tidying with kids

We often get questions from parents about how to get their kids to tidy up their own toys and messes. Tidying definitely doesn’t come automatically for kids. We believe that if you want your kids to tidy up their own things, you need to TEACH them how to tidy. And you also have to work to be tidy yourself! Children love to play and make messes, but they can also learn to tidy up those messes. Here are 5 tips that help keep our home tidy with three young girls, to help get you started with tidying with kids!

1. Tidy your own items first

tidy your own items first

Before tidying your kids’ clothing, books, or toys, first start by tidying your own things. Emily and I started our own tidying journey by first tackling our clothing, after reading “Spark Joy” by Marie Kondo. We emptied our closets, wardrobes, and dressers. We sorted clothing items into piles. Then we chose what clothing to keep, and reorganized it into our space. Through this process we honed our decision-making abilities, learned how to set limits with the amount of clothing we were comfortable storing, and confronted our buying habits. We then tidied our books, papers, and miscellaneous items. After tidying our own items, we were ready to tackle the girls’ items.

2. Give everything a home

give everything a home

After sorting, categorizing, and choosing what items to keep, we gave everything a specific home. This included children’s clothing, books, toys, and papers. When giving items a home, we intentionally thought about the items that we wanted our girls to be able to access independently, and the items that we wanted to store out of their reach. When we found out that we were expecting our third child, we updated the girls’ bedroom. We designed a wardrobe system for the bedroom that allows the girls to independently access their clothing drawers and hanging space. We showed the girls the new storage locations for clothing, books, and toys. When tidying with kids, it’s important for them to know where everything goes, which allows them to assist with the tidying process.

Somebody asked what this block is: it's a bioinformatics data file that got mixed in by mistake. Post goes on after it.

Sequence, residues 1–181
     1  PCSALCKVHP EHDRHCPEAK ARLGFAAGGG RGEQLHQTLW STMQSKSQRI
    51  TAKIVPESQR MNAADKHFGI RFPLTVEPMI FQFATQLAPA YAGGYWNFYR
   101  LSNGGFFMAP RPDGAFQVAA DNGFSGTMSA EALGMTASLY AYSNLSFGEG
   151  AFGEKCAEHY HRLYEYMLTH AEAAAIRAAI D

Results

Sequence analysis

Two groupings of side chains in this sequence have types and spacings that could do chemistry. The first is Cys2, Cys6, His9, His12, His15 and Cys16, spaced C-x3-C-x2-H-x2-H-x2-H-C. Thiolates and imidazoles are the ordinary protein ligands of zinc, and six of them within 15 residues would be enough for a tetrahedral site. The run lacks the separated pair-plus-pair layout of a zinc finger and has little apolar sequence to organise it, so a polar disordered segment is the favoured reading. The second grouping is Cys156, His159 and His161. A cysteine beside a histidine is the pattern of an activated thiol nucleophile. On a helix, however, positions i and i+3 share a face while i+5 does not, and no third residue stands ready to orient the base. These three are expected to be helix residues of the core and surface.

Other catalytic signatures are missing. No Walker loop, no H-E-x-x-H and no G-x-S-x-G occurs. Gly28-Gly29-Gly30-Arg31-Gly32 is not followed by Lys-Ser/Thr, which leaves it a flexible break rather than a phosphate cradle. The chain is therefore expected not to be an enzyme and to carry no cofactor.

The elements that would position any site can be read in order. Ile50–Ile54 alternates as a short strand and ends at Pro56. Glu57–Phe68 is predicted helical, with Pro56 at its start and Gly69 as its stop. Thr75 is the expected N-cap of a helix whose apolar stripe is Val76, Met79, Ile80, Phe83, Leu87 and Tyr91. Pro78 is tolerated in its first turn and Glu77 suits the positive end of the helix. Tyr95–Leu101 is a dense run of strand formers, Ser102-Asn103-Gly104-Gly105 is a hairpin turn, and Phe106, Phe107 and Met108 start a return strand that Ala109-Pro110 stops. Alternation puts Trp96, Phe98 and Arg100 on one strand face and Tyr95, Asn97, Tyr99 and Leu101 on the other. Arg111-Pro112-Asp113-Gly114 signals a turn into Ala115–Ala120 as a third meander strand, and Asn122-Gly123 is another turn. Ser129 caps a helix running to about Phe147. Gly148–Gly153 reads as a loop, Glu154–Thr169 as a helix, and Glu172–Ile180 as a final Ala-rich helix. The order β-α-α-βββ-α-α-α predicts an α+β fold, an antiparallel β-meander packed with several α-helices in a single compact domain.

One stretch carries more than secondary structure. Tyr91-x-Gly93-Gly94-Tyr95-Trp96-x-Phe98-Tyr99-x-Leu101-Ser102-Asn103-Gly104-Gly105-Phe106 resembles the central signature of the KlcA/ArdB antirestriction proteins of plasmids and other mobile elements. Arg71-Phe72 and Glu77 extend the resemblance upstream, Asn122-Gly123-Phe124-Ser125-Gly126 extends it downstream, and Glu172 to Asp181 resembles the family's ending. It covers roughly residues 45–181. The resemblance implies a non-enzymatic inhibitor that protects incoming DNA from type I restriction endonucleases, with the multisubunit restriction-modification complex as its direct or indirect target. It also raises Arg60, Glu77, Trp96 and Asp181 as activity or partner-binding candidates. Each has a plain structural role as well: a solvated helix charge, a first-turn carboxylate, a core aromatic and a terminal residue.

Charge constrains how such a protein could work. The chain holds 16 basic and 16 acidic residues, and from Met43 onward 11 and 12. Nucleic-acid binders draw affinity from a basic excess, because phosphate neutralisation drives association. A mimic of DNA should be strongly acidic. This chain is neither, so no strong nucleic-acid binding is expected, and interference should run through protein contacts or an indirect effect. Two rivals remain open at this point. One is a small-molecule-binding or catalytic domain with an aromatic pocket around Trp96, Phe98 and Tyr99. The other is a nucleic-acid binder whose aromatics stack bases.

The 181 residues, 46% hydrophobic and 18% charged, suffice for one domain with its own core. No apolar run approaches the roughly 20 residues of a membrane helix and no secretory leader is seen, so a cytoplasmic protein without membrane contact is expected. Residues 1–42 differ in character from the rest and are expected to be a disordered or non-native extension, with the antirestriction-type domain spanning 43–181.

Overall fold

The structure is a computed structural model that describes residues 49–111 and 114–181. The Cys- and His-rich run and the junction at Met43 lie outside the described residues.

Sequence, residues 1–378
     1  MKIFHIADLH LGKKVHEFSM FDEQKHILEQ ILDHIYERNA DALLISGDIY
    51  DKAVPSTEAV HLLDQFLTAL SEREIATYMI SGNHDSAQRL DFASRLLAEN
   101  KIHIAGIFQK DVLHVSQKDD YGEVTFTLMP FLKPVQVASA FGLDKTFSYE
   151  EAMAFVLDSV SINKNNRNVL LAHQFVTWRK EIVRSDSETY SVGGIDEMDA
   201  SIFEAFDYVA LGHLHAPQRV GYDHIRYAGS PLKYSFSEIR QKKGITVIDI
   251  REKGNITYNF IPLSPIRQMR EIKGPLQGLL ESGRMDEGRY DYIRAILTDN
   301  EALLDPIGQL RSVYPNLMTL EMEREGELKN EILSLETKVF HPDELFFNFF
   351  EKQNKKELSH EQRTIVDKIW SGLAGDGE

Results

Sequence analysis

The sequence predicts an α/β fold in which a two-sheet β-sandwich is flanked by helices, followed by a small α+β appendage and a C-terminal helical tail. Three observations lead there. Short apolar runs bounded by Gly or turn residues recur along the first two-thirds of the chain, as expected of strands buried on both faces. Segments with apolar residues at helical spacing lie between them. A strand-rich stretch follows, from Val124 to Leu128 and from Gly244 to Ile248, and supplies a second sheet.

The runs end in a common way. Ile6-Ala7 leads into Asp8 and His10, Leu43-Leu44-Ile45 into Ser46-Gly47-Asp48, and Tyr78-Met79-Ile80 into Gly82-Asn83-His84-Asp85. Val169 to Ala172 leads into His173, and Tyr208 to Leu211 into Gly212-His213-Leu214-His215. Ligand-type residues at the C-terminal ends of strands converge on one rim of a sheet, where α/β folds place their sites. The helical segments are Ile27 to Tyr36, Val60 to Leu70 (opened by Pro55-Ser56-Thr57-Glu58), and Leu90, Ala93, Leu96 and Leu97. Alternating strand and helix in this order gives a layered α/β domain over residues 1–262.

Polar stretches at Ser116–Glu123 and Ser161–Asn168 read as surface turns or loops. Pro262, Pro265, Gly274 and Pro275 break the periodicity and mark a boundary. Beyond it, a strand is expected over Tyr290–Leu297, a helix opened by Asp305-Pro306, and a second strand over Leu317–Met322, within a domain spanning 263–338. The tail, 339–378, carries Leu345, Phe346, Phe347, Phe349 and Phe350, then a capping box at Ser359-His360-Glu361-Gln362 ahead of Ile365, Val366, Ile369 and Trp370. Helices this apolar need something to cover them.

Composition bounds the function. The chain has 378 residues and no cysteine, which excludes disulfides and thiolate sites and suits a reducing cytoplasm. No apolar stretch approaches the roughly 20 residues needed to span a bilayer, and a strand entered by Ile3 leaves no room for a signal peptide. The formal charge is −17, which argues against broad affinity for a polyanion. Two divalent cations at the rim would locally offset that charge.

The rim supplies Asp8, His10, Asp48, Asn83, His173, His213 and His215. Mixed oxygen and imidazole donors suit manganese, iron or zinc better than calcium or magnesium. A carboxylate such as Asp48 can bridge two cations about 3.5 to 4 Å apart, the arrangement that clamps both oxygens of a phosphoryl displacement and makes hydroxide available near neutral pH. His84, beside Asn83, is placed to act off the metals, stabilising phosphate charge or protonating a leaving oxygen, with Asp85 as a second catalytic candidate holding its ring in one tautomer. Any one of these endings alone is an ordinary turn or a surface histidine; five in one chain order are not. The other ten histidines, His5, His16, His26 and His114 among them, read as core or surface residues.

3. Make daily tidying a family rhythm

Make daily tidying a family rhythm

We’re committed to teaching our girls that playing and tidying are natural family rhythms. After we play with a toy, we put it away. When the girls were younger, we stored toys in the playroom in a toy storage organizer with bins so that they could see all of their toys and make choices about what they wanted to play with. The bins were small and helped us to categorize toys. Now that three girls share the playroom, we set up small containers for a toy rotation in our pantry so that they have more open floorspace to play. At the end of epic play marathons, we put on some music and work together to tidy. We talk to our girls about our feelings when toys aren’t properly cared for and when play spaces are so messy that there’s no room to play. We live in a small space, so it’s easy for our space to feel overwhelming when too many things are out at a time.

4. Gradually give kids more responsibility

Gradually give kids more responsibility

Our girls are young and are still learning what it means to tidy up a space. As they have gotten older, we’ve gradually given them more tidying responsibilities. We coach the girls to tidy up their toys after they are finished playing and assist them with tidying their playroom at the end of the day. We have a clothes hamper that is accessible to them so that after bath time they are able to put away their dirty clothes. In the kitchen, we have low drawers for their cups and plates that are accessible to them so they can help set the table before meals. We placed low hooks near the front door so the girls can independently hang their jackets and backpacks when they come inside. Kids enjoy gradually taking on more responsibilities. When tidying with kids, it’s important that organizational systems are set up to support them with their increasing independence.

5. Establish rhythms for maintaining tidiness

Establish rhythms for maintaining tidiness